The World Trade Organisation is to have its first Latin American boss a sign of the global shift towards developing nations, says Simon Wilson. But is it already sliding toward irrelevance?
What is the World Trade Organisation?
The World Trade Organisation (WTO) is an international institution with 159 member states. Its purpose is to settle disputes between members and promote free trade between nations.
Founded in 1995 and based in Geneva, it oversees international trade regulations, provides a forum for negotiating trade deals between more than two countries, resolves disputes between members, and enforces the rules where necessary.
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Overall, the WTO (and its predecessor from 1947 onwards, the General Agreement on Tariffs and Trade, GATT) have arguably been successful. In 1950, international trade accounted for 8% of global GDP. Now it accounts for more than three times that figure. In real terms, the value of international trade has grown 26-fold over the same period.
So what's the problem?
Global trade is no longer driving growth. In 2009, after the financial crisis, global trade flows plunged by 12.5%, the sharpest drop since the 1930s. Since then, recovery has been steady but slow: trade hasn't collapsed, but it grew by just 2% in 2012, far below the two-decade average of 5.3%. The WTO system, according to some critics, including the US government, is in danger of becoming an irrelevance.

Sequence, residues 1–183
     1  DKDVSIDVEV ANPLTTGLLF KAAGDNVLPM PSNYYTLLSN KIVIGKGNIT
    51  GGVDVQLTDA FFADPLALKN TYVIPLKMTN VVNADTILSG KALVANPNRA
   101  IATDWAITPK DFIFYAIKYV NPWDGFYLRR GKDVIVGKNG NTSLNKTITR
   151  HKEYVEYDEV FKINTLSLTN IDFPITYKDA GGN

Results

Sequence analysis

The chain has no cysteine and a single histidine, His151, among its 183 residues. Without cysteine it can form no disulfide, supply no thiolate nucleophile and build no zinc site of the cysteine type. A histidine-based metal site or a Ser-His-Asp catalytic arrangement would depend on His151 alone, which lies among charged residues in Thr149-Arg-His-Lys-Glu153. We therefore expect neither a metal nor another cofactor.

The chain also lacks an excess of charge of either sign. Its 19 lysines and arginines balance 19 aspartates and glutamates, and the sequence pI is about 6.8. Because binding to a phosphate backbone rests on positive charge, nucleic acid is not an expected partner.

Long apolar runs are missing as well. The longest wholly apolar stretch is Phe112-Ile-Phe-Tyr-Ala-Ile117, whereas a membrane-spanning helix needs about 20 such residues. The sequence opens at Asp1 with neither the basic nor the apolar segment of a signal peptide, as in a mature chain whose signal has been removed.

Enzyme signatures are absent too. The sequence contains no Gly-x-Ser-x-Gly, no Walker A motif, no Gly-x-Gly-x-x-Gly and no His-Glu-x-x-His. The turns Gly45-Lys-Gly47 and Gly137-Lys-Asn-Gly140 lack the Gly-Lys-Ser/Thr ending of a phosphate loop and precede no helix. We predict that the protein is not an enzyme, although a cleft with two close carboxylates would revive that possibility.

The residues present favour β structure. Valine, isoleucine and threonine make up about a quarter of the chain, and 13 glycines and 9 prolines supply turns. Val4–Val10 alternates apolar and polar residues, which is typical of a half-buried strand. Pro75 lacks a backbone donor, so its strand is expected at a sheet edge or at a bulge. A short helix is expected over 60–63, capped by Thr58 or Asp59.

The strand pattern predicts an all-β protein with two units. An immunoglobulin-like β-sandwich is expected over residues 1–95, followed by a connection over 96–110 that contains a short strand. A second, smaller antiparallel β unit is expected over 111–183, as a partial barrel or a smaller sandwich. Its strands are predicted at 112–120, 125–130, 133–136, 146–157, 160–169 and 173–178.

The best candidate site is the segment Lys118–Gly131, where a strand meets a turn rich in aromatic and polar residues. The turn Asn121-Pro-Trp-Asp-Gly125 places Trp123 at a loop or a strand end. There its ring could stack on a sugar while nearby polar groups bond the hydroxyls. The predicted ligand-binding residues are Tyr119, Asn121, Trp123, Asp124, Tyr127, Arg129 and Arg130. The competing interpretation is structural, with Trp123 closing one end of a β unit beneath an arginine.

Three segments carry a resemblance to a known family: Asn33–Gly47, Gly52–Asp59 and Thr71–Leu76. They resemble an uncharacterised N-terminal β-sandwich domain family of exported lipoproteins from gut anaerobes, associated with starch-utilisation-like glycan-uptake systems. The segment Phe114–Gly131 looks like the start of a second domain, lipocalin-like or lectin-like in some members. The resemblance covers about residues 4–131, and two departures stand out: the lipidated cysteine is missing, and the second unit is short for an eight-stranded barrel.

The latest troubled round of trade negotiations, the Doha Development Round, which began in 2001, finally stalled in 2008. Not much has happened since in part due to the greater determination of developing countries to flex their geopolitical muscles, and the West's resistance.
What's gone wrong?
The history of the WTO offers clues as to the limits of its power and the unsatisfactory, stop-start nature of its marathon negotiating rounds. In the aftermath of World War II, leading economic powers came together at Bretton Woods in New Hampshire to set out the ground rules for international economic and monetary relations, and to establish institutions to govern post-war reconstruction and development.
Out of those discussions grew the International Monetary Fund and the World Bank, and also a comparable institution for trade, the International Trade Organisation (ITO). This was a specialised UN agency designed to pull down trade barriers and promote free trade. If you've never heard of it, that's because much like Doha it never came to fruition.
After complex negotiations lasting three years, an ITO Charter was eventually agreed at Havana in 1948. But the US, the leading power of the time, never ratified it, fearing that an international body for trade might be too restrictive and meddlesome.
Instead, the GATT treaty which was signed originally by eight countries (including the US and Britain) in 1947 and conceived as a workable stopgap until the ITO was finalised morphed into the de-facto forum for international co-operation on trade. Attempts in the 1950s and 1960s to establish an ITO failed, and it was not until 1995 that the WTO was born.
What does all that tell us?